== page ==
A Quantitative Study of History in the English Short-Title Catalogue (ESTC), 1470-1800
Keywords:history publishing, short-title catalogue
This article analyses the publication trends of history in early modern Britain and North-America, 1470-1800, based on the English Short-Title Catalogue (ESTC) data. Its most important contribution is a demonstration how digitized library catalogues can become a crucial tool for scholarship and part of reproducible research. The article also suggests a novel way how to make a quantitative analysis of a particular trend in book production, namely publishing of history. This study is also our first experiment with the analysis of paper consumption in early modern book production. It demonstrates in practice the importance of open science principles for library and information science. The article studies three main research questions: 1) who wrote history 2) where was history published, and 3) how did publishing of history change over time in early modern Britain and North America. As the main findings, we demonstrate that the average book size for history publications becomes smaller over time and that the octavo-sized book is the rising vehicle of history in the eighteenth century that tells us factually about widening audiences. The article will also compare different aspects of most popular authors on history such as Edmund Burke and David Hume. While focusing on history publishing, these findings may reflect more widespread trends in publication in the early modern era, and this article illustrates how some of the key questions in this field can be assessed by statistical analysis of large-scale bibliographic data collections.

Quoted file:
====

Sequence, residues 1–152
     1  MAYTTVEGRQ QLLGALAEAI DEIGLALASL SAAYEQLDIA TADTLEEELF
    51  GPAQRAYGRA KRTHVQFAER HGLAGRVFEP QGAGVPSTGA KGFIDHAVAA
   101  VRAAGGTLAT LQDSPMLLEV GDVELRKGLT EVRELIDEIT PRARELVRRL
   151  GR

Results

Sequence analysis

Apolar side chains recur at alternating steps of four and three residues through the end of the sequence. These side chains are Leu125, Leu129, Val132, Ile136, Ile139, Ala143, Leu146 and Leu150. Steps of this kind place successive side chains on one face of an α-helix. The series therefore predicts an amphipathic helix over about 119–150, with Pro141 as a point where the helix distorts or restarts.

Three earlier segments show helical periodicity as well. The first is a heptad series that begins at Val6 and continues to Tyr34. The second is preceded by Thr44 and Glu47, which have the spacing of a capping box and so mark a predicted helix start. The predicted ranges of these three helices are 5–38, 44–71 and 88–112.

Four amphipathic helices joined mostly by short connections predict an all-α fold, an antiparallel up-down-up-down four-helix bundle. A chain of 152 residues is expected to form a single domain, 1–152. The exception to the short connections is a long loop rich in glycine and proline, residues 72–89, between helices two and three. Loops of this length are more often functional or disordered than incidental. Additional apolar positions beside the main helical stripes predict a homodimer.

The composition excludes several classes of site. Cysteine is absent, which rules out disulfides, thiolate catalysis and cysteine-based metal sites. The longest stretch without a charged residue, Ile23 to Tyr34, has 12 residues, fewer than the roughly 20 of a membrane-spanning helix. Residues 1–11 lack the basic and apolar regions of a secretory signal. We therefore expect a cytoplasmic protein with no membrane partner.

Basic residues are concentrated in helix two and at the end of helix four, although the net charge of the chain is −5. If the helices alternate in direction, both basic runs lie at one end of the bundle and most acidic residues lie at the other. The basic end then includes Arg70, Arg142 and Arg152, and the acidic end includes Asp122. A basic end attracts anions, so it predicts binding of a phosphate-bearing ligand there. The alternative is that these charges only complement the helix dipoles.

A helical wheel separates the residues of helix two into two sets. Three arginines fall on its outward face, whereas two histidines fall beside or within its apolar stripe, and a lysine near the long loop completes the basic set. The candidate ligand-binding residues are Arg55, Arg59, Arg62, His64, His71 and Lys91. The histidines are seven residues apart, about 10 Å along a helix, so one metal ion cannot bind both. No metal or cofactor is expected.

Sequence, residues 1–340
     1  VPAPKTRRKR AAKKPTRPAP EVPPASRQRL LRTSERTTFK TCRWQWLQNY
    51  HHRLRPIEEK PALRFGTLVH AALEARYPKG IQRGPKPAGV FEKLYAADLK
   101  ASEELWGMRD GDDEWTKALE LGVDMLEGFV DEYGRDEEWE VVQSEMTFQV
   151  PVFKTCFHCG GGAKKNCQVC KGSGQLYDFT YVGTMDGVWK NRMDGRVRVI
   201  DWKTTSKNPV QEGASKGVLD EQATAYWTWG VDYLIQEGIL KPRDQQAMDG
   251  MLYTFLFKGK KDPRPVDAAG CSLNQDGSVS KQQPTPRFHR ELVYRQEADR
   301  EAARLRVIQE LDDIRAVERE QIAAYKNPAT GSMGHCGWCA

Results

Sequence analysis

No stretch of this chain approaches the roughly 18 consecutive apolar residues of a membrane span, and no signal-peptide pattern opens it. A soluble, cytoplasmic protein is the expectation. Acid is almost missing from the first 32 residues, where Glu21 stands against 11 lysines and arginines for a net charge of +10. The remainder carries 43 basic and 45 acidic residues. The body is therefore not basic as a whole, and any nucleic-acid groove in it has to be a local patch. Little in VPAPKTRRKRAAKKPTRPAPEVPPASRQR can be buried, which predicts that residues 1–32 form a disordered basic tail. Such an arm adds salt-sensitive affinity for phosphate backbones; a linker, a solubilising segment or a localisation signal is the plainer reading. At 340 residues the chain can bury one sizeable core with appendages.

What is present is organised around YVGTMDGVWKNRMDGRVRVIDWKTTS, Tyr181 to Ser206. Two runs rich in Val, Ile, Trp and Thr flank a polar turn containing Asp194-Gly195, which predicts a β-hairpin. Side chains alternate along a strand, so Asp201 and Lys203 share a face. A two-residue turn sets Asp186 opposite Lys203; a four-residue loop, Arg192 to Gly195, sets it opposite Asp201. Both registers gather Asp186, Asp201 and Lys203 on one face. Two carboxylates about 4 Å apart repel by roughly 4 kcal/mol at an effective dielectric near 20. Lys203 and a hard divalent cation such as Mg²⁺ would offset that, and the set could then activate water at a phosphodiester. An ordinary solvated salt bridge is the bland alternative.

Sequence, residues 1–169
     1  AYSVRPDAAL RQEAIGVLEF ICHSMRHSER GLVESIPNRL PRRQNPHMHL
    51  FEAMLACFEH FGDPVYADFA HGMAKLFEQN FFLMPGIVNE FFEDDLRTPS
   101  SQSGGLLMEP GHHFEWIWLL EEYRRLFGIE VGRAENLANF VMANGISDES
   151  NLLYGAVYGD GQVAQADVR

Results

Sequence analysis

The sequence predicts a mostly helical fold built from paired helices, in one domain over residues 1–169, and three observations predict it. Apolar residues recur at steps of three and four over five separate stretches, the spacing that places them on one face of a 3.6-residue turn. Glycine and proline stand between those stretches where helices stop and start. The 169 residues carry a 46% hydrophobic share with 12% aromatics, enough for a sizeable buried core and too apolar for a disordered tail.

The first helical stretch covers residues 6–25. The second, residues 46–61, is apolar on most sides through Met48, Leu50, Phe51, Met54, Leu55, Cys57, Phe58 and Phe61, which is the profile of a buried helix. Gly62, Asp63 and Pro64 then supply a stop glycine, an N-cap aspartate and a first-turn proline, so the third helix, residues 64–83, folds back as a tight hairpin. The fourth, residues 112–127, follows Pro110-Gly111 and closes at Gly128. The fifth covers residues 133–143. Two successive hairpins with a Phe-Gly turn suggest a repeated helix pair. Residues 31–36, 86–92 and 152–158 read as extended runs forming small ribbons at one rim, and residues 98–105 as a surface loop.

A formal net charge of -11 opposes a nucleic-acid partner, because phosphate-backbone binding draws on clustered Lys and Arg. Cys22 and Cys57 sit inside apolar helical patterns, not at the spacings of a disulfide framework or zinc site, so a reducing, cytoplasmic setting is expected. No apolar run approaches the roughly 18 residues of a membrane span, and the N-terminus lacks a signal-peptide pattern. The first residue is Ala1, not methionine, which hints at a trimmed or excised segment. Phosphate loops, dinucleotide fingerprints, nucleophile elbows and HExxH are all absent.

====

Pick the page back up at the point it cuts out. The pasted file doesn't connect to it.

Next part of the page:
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Copyright (c) 2015 Leo Lahti, Niko Ilomäki, Mikko Tolonen
This work is licensed under a Creative Commons Attribution 4.0 International License.